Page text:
The great thing about HIRT is that you get all the benefits of a 2-hour long workout in a fraction of the time, usually 30-45 minutes. You perform back-to-back exercises with no rest, followed by a brief rest period in between these exercise blocks or circuits. You may be more familiar with the concepts of supersets, tri-sets, or giant sets, which are several high-effort, high-intensity exercises performed back-to-back without rest.

3 Benefits of HIRT Training

If you’re not already convinced to add HIRT to your at-home workout routine, here are some additional benefits.

1. Weight Management

We know that regularly working out helps with weight management. A study published in the Journal of Translational Medicine showed that when it comes to fat oxidation or the body’s ability to burn fat, HIRT workouts have an even greater effect on regulating weight than traditional training.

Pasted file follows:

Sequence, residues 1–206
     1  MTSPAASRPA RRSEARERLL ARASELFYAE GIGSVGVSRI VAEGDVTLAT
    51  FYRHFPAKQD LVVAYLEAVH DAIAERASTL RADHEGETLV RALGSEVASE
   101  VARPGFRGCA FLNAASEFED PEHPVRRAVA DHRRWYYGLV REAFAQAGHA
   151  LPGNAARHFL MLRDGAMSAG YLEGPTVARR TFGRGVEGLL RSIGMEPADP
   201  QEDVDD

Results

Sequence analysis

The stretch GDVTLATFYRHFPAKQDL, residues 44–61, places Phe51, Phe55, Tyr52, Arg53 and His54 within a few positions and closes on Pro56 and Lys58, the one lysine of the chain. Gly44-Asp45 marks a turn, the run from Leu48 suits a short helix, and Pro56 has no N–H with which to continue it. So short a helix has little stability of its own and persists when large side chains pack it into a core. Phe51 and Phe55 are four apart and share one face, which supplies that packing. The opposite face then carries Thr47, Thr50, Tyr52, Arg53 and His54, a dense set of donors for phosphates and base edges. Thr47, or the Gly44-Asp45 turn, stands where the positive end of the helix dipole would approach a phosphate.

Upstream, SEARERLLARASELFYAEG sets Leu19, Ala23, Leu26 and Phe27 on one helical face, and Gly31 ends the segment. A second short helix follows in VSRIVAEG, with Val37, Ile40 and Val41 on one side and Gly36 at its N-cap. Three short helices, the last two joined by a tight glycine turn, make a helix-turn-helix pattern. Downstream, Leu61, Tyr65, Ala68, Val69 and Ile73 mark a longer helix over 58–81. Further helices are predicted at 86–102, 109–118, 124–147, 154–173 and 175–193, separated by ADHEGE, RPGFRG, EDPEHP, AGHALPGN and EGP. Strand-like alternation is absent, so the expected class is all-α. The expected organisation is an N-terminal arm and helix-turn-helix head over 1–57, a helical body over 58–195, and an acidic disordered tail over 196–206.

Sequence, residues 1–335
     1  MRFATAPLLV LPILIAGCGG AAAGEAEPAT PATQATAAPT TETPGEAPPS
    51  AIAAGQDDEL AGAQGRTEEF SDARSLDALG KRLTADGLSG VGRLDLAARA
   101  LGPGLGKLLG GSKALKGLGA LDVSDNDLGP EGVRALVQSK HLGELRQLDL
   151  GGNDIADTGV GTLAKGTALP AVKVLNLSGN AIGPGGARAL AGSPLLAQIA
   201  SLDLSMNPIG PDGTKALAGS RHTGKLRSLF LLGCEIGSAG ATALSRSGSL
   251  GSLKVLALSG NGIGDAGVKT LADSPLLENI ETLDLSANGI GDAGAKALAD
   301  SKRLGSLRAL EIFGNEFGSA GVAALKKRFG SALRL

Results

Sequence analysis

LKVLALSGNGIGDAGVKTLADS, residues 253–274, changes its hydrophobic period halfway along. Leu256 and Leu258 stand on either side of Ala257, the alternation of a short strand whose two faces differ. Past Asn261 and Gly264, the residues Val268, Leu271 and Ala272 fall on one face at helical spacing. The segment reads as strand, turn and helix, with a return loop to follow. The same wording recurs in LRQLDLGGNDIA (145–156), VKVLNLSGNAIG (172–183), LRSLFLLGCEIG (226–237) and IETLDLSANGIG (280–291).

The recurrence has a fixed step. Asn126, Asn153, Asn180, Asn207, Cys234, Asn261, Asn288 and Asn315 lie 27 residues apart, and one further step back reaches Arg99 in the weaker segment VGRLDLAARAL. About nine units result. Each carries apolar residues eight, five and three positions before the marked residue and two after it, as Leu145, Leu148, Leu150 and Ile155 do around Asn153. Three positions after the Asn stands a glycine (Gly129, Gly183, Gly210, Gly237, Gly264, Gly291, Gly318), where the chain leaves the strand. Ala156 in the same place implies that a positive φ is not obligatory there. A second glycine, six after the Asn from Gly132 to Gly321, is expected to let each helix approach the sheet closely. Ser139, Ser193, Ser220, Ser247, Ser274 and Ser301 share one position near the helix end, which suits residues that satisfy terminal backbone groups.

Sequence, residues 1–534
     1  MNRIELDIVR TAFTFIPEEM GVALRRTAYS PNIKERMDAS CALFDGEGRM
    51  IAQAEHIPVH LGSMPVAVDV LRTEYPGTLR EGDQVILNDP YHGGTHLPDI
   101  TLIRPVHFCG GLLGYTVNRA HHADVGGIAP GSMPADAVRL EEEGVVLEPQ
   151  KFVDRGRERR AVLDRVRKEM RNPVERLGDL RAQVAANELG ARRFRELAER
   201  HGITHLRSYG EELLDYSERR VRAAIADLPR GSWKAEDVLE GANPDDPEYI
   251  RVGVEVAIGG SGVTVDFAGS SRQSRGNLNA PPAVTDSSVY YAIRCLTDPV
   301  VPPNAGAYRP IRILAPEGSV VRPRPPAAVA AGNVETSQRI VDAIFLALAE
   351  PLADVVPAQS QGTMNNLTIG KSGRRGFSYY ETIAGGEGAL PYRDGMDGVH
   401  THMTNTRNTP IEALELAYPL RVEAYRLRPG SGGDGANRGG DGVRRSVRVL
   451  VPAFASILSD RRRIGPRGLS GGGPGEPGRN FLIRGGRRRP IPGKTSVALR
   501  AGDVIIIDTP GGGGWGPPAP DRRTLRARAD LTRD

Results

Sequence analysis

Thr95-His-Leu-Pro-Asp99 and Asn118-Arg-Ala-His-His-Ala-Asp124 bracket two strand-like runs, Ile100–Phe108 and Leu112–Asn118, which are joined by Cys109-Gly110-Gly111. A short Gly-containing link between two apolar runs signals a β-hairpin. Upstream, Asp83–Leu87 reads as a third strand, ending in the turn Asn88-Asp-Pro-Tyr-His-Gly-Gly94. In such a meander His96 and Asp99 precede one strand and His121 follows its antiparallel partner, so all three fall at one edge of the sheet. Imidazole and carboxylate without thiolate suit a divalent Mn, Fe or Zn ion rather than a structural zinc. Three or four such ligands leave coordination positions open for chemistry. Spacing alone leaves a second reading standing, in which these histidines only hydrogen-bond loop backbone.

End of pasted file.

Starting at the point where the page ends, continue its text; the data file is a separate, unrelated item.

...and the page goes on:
2. Improves Cognitive Function

One main cause of cognitive decline is the overall development of insulin resistance in individuals. Studies have shown that there is a direct correlation between introducing exercise routines and improved sensitivity of insulin levels in those who have become resistant. A recent 2020 study to assess the effectiveness of HIRT in combatting cognitive decline as a result of insulin resistance showed improved insulin resistance and thus better overall cognitive function when HIRT was added to the routines of the study group.

3. Increases Muscular Strength